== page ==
BACKSTORY A few modifications to the common ottertail result in a perfectly balanced paddle. BEST FOR Solo paddling. The quill’s narrow blade cuts smoothly through the water with lots of flex and little resistance. Because of its minimal impact on the body and effortless movement through the water, Mike Ramsay of Badger Paddles says a quill-shaped blade is his go-to paddle for everyday use in the bow or stern on lakes. A blade that’s less than five inches wide and about the same length as the shaft.
A roughly six to eight-inch wide, spatula-shaped blade made of laminated wood. BACKSTORY This contemporary design may have evolved from white-water slalom blades designed for maximum bite in turbulent or shallow water. The Sugar Island is short and squat with square edges, and it often features a resin, an epoxy, or an aluminum tip to protect the blade edge from splitting. BEST FOR Rocky waters and those on a budget. Sugar Island blades are designed to pull lots of water near the surface and thus work well in shallow water. What’s often missing is the smooth flexing characteristics of a paddle carved from a single piece of wood. “The big advantage is that you get a stronger, more warp-resistant paddle that can be really pretty,” says Brian Dorfman of Grey Owl Paddles.
A leaner Sugar Island with a laminated blade and a bent shaft that’s designed for short, fast strokes. BACKSTORY Canoe racers discovered that bending the shaft of the paddle 10 to 15 degrees forward kept the blade vertical in the water through the stroke, improving efficiency by 10 to 20 per cent. (At first, most people use the bent-shaft back- wards, says Dorfman. The blade should be angled forward.) The innovation trickled down to recreational use. BEST FOR Fitness buffs, racers, or long distances. Bent-shafts are great for high-intensity paddling, but hinder the stern paddler’s traditional J-stroke for steering because the blade is off-kilter. As a result, they’re typically used with a “sit-and-switch” technique, where bow and stern paddlers switch sides every six to 10 strokes to travel straight.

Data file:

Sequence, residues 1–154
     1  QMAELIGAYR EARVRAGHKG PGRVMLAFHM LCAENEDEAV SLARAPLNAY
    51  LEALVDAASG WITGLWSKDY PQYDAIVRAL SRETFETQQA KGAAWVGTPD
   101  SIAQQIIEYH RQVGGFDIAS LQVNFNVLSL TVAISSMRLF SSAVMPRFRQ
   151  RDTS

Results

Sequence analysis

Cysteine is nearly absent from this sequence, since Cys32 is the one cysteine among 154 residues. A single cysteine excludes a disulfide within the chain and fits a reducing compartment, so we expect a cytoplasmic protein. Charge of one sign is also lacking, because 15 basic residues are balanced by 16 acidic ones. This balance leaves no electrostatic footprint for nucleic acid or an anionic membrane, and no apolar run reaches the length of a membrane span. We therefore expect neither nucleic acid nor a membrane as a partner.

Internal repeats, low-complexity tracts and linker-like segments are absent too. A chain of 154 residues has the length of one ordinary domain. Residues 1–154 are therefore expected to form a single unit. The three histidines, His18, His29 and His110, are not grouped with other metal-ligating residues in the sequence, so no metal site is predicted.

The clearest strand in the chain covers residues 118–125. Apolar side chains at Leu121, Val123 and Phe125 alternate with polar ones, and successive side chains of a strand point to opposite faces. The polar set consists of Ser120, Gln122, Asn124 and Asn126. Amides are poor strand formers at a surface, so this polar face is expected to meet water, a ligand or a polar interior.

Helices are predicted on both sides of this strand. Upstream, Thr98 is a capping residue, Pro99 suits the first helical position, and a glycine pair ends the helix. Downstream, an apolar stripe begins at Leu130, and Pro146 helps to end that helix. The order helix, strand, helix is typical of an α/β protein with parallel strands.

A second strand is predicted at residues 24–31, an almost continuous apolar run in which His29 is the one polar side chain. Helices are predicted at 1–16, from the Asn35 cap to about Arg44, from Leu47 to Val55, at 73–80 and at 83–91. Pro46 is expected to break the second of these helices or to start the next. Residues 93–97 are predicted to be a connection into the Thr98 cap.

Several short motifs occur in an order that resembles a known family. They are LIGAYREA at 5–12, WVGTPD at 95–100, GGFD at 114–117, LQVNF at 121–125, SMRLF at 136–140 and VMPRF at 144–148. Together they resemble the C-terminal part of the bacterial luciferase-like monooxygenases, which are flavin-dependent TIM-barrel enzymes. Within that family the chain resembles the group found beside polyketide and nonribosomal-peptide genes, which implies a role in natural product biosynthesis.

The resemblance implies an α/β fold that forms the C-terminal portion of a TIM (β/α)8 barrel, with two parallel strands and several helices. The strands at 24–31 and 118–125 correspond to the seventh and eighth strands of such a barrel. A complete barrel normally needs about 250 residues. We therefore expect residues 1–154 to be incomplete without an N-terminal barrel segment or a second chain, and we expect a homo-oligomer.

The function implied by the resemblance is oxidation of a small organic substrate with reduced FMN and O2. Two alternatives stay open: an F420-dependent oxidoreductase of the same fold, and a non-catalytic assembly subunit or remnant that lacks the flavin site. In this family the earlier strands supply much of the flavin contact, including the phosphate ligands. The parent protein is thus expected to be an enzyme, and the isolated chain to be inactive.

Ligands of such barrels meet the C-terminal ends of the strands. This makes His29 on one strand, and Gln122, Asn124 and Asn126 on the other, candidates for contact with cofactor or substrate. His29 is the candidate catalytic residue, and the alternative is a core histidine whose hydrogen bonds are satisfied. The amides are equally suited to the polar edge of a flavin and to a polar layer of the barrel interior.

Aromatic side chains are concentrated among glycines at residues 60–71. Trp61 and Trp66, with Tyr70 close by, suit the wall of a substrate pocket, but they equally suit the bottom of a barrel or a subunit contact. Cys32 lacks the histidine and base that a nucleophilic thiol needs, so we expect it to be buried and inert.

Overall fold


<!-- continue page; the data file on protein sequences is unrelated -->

A moderately slender, five- to six-inch wide blade that’s roughly symmetrical from top to bottom. BACKSTORY Two hundred years ago, the fur-trading voyageurs paddled with a relatively small blade area that enabled a fast cadence of 60 strokes per minute. This was the fore- runner to today’s ottertail, which has emerged as the most popular traditional paddle shape. BEST FOR General lake-water paddling. The otter- tail works equally well in the bow or stern of the canoe, and it’s Becky Mason’s blade of choice. The long blade is flexible and easy on the joints, but it’s only suited to deep water because it requires at least one metre of depth to submerge the entire blade.
An inch or so wider than the ottertail, the beavertail is shaped like a teardrop. BACKSTORY The Crees of northern Quebec carved paddles from boreal spruce, with blades that were widest at the tip. This indigenous paddle inspired early whitewater canoe paddles, typically made of ash. Today, for added durability, beavertails come in laminate or plastic versions, for use on rocky rivers. BEST FOR Versatility. A beavertail can be more useful than an ottertail in shallow water. Some companies are now making compact beavertails that are good for whitewater paddling. Recently, however, Andy Convery of Echo Paddles says he has noticed a pronounced decrease in beaver- tail popularity in favour of slimmer blade types. “Compared to an otter- tail, it feels clunkier in the water.”